The main purpose of this thesis is to consider usual statistical tests for discrete data and to present some recent developments around them. Contents can be divided into three parts.
In the first part we consider the general issue of misclassification and its impact on usual test results. A suggested diagnostic examination of the misclassification process leads to simple and direct investigation tools to determine whether conclusions are very sensitive to classification errors. An additional probabilistic approach is presented, in order to refine the discussion in terms of the risk of getting contradictory conclusions whenever misclassified data occur.
In the second part we propose a general approach to deal with the issue of multiple sub-testing procedures. In particular, when the null hypothesis is rejected, we show that usual re-applications of the test to selected parts of the data can provide non-consistency problems. The method we discuss is based on the concept of decisive subsets, set as the smallest number of categories being sufficient to reject the null hypothesis, whatever the counts of the remaining categories. In this framework, we present an iterative step-by-step detection process based on successive interval building and category count comparison. Several examples highlight the gain our method can bring with respect to classical approaches.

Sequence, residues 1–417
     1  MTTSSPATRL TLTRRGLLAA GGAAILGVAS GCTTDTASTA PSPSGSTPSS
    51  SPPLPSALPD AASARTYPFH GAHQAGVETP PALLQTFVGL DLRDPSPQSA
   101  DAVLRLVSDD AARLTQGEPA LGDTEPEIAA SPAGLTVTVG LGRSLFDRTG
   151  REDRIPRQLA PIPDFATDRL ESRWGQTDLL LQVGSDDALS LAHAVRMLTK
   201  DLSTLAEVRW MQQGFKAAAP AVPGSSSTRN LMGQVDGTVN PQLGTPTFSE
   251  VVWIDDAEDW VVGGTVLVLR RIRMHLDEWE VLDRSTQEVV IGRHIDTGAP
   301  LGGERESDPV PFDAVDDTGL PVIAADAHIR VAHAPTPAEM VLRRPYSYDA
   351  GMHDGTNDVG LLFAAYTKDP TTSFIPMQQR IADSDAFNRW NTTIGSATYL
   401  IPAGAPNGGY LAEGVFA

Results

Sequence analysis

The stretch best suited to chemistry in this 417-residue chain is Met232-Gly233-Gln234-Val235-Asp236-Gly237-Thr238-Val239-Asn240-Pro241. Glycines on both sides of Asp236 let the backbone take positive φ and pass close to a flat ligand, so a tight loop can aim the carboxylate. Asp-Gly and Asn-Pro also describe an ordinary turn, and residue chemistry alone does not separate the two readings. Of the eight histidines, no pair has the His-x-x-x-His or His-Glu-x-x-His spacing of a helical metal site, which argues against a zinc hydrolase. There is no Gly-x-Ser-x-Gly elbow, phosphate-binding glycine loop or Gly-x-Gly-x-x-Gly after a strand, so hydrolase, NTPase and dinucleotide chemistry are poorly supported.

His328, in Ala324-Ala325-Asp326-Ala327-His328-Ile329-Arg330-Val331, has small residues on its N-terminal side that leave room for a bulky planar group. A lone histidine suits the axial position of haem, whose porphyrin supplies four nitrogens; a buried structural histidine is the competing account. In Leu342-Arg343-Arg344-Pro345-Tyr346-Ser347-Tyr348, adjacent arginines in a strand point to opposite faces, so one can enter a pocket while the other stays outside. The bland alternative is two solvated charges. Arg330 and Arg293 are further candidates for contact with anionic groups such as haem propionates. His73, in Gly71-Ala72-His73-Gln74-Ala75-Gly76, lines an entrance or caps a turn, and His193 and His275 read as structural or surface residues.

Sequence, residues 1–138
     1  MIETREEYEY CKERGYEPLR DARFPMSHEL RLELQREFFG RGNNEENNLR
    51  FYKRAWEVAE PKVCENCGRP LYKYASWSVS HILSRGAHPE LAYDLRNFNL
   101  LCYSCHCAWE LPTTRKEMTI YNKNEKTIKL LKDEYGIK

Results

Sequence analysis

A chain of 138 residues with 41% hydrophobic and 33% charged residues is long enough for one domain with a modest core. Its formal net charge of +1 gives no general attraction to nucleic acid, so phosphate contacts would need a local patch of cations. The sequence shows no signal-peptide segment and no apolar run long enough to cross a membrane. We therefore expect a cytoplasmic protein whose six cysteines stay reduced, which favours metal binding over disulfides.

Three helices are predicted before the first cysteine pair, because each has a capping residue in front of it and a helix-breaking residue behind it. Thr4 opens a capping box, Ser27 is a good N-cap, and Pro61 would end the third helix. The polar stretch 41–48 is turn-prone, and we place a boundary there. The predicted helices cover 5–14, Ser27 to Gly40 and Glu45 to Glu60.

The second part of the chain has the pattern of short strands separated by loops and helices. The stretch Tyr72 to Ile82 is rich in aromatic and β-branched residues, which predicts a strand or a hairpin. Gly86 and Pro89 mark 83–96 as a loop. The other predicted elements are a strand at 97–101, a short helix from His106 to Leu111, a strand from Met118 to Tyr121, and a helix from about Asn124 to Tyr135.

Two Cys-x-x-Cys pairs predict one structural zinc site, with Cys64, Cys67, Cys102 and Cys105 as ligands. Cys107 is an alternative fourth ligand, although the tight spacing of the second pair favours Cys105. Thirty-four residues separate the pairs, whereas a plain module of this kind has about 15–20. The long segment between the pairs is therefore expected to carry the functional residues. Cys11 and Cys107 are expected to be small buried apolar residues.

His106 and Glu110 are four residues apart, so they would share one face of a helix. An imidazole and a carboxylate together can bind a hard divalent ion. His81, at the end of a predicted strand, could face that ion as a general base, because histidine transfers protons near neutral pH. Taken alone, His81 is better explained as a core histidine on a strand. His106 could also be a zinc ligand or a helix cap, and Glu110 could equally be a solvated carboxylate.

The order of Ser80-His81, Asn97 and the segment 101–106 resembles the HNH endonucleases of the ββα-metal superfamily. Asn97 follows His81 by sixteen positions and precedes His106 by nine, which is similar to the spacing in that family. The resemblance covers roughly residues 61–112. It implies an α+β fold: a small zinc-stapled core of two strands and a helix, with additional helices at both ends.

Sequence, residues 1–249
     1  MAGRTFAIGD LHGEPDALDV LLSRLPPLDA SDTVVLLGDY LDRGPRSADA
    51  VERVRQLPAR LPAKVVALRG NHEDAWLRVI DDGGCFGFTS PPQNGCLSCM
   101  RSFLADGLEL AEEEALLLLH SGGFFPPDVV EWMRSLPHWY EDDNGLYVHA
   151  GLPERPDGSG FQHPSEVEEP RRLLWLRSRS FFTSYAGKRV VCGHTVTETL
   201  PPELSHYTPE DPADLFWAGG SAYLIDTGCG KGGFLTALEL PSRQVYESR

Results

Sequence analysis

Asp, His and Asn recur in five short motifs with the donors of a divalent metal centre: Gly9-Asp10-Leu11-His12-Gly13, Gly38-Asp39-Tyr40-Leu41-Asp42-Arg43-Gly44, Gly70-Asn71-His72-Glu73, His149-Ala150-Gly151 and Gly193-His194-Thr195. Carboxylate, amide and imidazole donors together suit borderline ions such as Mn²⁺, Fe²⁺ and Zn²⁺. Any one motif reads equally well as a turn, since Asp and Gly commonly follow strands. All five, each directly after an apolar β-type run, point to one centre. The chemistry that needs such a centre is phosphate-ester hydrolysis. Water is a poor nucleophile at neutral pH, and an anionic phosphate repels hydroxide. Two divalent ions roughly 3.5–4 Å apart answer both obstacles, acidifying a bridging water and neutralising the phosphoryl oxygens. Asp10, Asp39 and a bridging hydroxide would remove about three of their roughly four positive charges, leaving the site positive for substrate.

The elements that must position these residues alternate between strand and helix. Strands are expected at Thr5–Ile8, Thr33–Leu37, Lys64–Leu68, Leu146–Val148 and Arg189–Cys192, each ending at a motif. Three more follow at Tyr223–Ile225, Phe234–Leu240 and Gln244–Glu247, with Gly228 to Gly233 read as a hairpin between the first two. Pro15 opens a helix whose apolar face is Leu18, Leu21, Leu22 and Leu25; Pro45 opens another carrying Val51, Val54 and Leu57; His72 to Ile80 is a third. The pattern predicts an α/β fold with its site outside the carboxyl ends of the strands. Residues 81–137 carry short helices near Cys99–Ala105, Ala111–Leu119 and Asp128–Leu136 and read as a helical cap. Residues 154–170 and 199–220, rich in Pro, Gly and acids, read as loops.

The third and last part is consecrated to the framework of item response theory, a field of psychometrics. After a short introduction to that topic, we propose first two enhanced iterative estimators of proficiency. Several theoretical properties and simulation results indicate that these methods ameliorate the usual Bayesian estimators in terms of bias, among others. Furthermore, we propose to study the link between response pattern misfit and subject's variability (the latter as individual latent trait). More precisely, we present "maximum likelihood"-based joint estimators of subject's parameters (ability and variability); several simulations suggest that enhanced estimators also have major gain (with respect to classical ones), mainly in terms of estimator's bias.